An Appraisal of Monetary Policy
The question now is: How will the proposed monetary policy help the Islamic economy to achieve its goals?
The money supply would be regulated by the central authority in accordance with the needs and goals of the Muslim society. The growth in M would be regulated to achieve the goal of attaining broad-based well-being and an optimum but realistic rate of growth within the context of price stability. This target growth in M could be achieved by generating the required growth in high-powered money through a combination of fiscal deficit and central bank lending to financial institutions. However, there could still be excessive or deficient expansion in money supply because of the effect of a number of variables which are difficult to predict or control. Such excesses or deficiencies could be evened out with the help of changes in central bank mudarabah advances to commercial banks, statutory reserve requirements and ceilings on credit ,expansion. It is assumed that the government would be committed to Islamic goals and would not adopt policies which conflict with them. It is also assumed that all government policies would converge on the achievement of these goals and that monopolistic and oligopolistic practices and structural rigidities would also be removed.
The created money or the profit arising from it would go mainly to the public exchequer to be utilised for social welfare objectives of eradicating poverty, attaining a high rate of economic growth and low rate of unemployment, and fostering socio-economic justice. It would not serve vested interests or contribute to concentration of wealth. Thus the implementation of this scheme would help to reduce concentration of wealth to the extent to which it is brought about by the commercial banking system in the capitalist society.
The government financial problems would also be solved partly because, firstly, additional interest-free resources would be made available to the government in the form of created money, and secondly, a certain proportion of all commercial bank demand deposits would also be made available to the government. This would carry a service charge which would be considerably smaller than the heavy interest burden which makes the rich richer through interest receipts and the poor poorer through additional taxes levied to service the public debt.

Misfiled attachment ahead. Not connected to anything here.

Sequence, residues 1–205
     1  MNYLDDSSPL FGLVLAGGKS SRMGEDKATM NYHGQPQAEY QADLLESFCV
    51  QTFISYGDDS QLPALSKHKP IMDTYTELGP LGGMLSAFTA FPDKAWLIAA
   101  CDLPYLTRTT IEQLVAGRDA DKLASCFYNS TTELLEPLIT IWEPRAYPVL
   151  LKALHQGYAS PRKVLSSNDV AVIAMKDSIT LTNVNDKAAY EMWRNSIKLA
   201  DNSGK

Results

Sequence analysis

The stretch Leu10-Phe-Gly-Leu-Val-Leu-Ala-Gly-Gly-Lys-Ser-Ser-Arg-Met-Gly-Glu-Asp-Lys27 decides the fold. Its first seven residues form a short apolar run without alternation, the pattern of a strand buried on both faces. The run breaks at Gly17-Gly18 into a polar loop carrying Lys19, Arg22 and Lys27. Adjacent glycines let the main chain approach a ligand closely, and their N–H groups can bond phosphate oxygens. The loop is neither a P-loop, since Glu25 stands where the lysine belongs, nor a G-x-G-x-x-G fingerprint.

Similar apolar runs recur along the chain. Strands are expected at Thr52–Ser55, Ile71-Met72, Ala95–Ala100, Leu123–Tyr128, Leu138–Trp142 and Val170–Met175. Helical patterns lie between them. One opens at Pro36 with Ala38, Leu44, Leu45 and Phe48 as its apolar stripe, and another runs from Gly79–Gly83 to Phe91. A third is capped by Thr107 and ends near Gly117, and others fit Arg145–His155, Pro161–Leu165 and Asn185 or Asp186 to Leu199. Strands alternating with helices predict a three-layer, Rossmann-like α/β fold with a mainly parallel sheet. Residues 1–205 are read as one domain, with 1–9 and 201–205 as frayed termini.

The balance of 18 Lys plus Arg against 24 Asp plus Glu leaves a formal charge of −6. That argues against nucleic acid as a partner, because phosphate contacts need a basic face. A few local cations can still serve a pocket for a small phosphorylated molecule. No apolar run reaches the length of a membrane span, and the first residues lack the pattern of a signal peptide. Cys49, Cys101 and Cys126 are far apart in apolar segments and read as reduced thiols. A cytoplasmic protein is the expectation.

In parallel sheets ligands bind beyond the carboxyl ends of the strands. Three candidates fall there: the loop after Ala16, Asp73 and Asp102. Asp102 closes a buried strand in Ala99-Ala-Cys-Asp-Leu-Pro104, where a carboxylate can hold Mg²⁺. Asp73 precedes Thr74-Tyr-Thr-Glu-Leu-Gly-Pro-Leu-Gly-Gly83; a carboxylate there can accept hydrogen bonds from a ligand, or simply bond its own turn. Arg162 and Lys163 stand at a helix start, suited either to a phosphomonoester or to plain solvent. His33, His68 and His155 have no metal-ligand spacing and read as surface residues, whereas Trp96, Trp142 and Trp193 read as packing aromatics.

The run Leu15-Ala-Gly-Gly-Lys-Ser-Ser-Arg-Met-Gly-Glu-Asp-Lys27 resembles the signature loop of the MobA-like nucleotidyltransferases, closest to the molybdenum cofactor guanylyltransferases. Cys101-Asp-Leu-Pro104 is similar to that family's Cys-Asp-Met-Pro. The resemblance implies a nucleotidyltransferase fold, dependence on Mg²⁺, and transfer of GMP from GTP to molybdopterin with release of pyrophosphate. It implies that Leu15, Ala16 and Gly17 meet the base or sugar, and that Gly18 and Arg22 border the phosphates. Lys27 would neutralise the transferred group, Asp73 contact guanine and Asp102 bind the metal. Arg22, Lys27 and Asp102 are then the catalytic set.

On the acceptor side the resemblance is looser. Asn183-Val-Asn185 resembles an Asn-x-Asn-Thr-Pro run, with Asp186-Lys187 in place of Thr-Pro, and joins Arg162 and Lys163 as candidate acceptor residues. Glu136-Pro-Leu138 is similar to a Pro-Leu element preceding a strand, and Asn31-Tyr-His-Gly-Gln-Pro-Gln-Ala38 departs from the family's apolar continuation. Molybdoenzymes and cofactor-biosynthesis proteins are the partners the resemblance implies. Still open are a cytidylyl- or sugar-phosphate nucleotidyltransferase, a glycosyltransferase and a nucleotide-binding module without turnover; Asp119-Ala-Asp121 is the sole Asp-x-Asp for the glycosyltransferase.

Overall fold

The scheme need not reduce the overall volume of funds available to the private sector. It would, however, lead to a redistribution of these funds through a reduction in inequalities of income and concentration of wealth and a dispersal of total credit among a larger number of people along with its reallocation among various sectors of the economy to ensure an adequate production and distribution of goods and services needed by the majority of the society in conformity with a value-oriented plan. Since a preponderant part of the financial needs of business would come out of equity there would be no fixed interest cost to be added by firms to the cost of goods.
The ability of the government to obtain funds without the high cost of interest along with the imperative that these funds be invested in projects of high social priority should help eradicate poverty, increase employment, provide essential social and economic services and raise the rate of economic growth to an appropriate level thus contributing to general social welfare.
Hence it appears that the proposed scheme would operate to the greater overall benefit of the economy and help the Islamic state to realise its short-term as well as long-term social and economic objectives.
Source: Money and Banking in Islam, Ziauddin Ahmed; Munawar Iqabal; M. Fahim Khan. Republished with permission.
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